Driving down the winding, tree-canopied dirt road that leads to Lazy Creek Vineyards, you'd think we've taken the turnoff to some secret state park. Alders, oaks, madrones, and redwoods all crowd alongside and over the road, which bumps over three wooden bridges before emerging onto hilly vineyard vistas.
The golden light of Indian summer filters through the trees and illuminates the dust kicked up by our car. It's a scene so pretty and peaceful that we're tempted to stop the car and get out for a walk ― or a nap. But then we see 8-year-old Grey Chandler, whose parents, Josh and Mary Beth Chandler, own and run Lazy Creek, and our energy picks up.
"What's that baby's name again?" Grey asks. We laugh, amused that this little boy would remember our 1-year-old son, Toby, from our visit several months prior. Then before we know it, Grey is leading Lilli, our almost-3-year-old daughter, down the gravel path. "Come see my tractor," he says enthusiastically, and they're off and running.
Taking advantage of the unsolicited child care, my husband and I duck in to the tasting room, which is more like a cozy garage, for a sip of "Gewürz juice" that Josh pours from the barrel. It's bone-dry and delicious. Then we follow Josh out to the chicken coop, where he hoists our daughter, who has finished her tractor inspection, up on his shoulders and instructs her to open a drawer. She does, and out pops a chicken, like a jack-in-the-box. "What's under that chicken?" he asks. Eyes wide, Lilli feels under the bird, then incredulously holds up an egg. "Warm!" she says.
We have found perfection, I think: wine for Mom and Dad, and Old McDonald's Farm for the kids.
A WINE COUNTRY UNLIKE ANY OTHER
Most people, even otherwise well-traveled Northern Californians, would be hard-pressed to tell you where the Anderson Valley is. For the record, it's about 120 miles north of San Francisco, and about 40 miles southeast of Mendocino. But some of the wines coming out of the area have, in the last 10 to 15 years, become household names: Navarro Vineyards, Handley Cellars, Husch Vineyards, Roederer Estate. Cooled by the fog that rolls in from the ocean, the valley is ideal for Pinot Noir, Chardonnay, and sparklers made out of them, as well as the increasingly appreciated cool-weather whites: Gewürztraminer, Riesling, and Pinot Gris.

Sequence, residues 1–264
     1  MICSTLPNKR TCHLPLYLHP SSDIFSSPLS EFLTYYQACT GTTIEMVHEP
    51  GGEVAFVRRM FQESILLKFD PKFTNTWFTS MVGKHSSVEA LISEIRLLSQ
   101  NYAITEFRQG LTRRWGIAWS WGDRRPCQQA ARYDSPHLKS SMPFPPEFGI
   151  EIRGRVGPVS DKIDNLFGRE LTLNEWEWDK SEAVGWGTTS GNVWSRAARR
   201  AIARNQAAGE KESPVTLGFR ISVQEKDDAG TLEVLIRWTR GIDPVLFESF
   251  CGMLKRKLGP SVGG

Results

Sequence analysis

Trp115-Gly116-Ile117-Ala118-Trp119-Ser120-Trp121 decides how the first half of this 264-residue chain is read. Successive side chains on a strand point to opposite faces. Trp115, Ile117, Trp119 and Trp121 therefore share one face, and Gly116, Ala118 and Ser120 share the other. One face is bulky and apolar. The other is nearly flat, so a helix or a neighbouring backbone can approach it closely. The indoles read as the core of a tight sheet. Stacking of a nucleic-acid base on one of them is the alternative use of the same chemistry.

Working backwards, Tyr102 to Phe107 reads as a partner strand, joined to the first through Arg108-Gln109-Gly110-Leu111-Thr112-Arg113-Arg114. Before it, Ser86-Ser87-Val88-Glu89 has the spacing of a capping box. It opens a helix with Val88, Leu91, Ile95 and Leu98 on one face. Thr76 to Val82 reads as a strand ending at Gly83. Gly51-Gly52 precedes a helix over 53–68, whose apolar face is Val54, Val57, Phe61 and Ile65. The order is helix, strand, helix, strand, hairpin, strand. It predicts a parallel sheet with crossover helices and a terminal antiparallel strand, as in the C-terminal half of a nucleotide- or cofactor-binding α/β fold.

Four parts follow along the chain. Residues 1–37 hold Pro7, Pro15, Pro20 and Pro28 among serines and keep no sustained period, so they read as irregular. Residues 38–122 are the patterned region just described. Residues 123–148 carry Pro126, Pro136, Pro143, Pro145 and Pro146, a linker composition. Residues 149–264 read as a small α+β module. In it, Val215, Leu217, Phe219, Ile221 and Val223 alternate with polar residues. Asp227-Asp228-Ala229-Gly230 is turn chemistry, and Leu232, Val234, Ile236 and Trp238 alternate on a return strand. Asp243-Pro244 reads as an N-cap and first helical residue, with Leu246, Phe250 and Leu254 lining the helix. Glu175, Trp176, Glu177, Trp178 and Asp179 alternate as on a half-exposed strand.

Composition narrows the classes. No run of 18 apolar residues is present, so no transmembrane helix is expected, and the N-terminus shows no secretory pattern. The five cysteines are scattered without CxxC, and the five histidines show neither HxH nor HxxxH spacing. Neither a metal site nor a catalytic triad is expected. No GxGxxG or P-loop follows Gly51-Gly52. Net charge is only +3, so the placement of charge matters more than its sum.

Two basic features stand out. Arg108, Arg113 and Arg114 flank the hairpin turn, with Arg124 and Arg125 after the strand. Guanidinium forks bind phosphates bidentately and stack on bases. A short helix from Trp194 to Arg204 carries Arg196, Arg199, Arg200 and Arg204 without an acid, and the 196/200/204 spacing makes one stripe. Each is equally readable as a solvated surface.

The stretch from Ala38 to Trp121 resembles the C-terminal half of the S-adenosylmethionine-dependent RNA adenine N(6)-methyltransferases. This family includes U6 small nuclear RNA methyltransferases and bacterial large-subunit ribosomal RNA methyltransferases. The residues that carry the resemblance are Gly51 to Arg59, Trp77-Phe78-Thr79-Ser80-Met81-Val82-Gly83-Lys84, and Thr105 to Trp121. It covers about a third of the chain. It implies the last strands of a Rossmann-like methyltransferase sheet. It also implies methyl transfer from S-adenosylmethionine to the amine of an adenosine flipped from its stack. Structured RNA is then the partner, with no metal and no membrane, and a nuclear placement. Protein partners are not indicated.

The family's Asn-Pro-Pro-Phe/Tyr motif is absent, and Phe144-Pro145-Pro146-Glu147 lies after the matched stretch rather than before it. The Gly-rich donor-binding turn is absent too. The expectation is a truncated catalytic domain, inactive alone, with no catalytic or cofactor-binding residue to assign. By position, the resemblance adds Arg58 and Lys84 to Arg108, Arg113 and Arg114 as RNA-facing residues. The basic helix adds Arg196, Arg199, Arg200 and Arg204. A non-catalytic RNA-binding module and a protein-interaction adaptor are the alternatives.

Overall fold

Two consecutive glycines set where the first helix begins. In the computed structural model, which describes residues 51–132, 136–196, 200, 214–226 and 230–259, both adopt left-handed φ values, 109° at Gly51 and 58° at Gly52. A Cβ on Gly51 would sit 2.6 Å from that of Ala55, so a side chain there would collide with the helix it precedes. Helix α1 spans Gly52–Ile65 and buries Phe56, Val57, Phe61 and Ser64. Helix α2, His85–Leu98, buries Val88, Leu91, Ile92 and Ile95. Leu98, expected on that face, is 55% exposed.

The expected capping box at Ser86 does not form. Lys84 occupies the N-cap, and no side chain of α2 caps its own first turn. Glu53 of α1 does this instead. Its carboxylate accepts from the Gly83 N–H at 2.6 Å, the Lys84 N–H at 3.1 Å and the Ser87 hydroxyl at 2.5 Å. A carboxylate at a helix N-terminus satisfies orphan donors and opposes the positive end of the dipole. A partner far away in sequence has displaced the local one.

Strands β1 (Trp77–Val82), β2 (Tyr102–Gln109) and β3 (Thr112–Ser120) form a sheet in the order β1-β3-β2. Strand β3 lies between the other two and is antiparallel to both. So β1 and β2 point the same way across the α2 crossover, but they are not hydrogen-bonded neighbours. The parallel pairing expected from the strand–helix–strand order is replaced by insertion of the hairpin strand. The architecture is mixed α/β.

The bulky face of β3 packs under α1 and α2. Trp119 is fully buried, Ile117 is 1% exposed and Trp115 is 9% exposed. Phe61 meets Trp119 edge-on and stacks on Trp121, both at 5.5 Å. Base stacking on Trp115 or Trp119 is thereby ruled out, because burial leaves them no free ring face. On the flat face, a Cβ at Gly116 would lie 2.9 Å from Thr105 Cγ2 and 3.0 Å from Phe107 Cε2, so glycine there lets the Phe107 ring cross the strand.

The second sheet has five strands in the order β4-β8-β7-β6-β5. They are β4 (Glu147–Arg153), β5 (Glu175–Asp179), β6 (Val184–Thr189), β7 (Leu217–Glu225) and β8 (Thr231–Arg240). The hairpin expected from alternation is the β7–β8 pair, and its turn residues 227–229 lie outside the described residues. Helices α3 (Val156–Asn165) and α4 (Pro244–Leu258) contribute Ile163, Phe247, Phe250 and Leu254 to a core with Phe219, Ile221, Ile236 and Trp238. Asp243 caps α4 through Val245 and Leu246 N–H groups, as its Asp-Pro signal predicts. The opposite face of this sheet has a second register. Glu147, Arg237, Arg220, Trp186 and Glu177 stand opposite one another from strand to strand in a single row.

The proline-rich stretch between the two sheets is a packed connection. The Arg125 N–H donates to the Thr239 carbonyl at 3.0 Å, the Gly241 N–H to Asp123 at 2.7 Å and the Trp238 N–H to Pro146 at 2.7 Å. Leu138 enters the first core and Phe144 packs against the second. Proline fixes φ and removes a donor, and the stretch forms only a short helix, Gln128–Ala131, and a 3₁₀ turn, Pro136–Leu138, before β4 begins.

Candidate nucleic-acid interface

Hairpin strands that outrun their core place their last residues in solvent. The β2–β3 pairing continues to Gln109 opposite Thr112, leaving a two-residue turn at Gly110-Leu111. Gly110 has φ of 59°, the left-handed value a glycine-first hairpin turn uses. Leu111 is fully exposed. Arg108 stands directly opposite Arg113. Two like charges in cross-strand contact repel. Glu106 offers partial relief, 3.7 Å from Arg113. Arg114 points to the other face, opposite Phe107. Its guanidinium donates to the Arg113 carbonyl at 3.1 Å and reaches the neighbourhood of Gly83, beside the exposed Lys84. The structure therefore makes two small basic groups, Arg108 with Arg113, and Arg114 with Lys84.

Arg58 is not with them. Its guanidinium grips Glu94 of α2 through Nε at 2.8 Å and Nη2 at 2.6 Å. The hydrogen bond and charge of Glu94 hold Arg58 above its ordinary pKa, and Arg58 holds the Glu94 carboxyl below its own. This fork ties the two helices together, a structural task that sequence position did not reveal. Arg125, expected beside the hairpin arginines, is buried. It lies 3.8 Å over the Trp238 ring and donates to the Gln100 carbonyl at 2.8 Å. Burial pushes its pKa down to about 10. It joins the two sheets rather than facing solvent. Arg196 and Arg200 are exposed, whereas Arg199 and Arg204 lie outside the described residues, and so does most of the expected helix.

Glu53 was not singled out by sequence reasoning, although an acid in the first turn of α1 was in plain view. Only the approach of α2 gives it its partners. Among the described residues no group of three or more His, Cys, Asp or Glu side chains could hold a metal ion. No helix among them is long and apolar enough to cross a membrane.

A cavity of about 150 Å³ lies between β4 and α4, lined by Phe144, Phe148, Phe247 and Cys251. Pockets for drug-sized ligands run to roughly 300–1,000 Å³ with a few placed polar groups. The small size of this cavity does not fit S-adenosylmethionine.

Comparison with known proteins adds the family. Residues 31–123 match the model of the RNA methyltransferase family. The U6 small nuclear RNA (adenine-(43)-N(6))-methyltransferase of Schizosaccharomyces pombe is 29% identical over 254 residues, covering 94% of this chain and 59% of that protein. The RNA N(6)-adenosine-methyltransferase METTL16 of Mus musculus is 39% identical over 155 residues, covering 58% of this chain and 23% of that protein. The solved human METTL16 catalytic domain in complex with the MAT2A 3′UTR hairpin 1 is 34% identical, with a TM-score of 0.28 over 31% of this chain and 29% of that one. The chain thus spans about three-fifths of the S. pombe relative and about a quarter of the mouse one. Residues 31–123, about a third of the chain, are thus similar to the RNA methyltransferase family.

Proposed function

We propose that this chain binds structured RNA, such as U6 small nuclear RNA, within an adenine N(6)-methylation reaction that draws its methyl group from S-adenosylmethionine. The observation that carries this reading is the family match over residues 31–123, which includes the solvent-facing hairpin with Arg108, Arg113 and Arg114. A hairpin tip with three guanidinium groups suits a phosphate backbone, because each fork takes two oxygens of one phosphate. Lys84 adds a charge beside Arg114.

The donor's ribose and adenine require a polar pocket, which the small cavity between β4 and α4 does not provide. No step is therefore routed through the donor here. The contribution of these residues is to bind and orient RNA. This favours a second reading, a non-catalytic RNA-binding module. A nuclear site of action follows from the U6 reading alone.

The excellent wine we consistently find here is not the only thing that keeps my husband and me coming back to this valley. An even more compelling draw is what we can't find here: namely, Versailles-style villas, fancy resorts, traffic, standard tasting fees, lines. From State 128, which snakes its way circuitously from Cloverdale out to the Mendocino coast like a zipper slicing the gently rolling hills in half, all you see are miles and miles of trees draped in fall color this month. They're interrupted only by tiny towns such as Boonville and a couple of other crossroads so small that they don't even register as towns.
There's only one road, one hotel, one excellent restaurant (and a couple of more casual eateries), a growing number of wineries, a state park with about 8 miles of hiking trails, and not much else to do besides admire the wine, the food, and the scenery. As a result, the valley feels manageable, approachable, and somehow a lot more authentic than other wine countries in California.
That authenticity stems in part from the back-to-the-land culture that thrives in this valley, where everyone we meet seems to be raising their own cows, sheep, and chickens. Fresh eggs, in fact, become the unifying theme of our three-day trip. We find them under the chickens at Lazy Creek, sold at the Boont Berry Farm in Boonville, and served at each place we eat: the Boonville General Store ― where the food is so good that we return not only for every breakfast but also every lunch ― and the Boonville Hotel, where Johnny Schmitt, as chef-proprietor, serves simple, honest, outstanding food.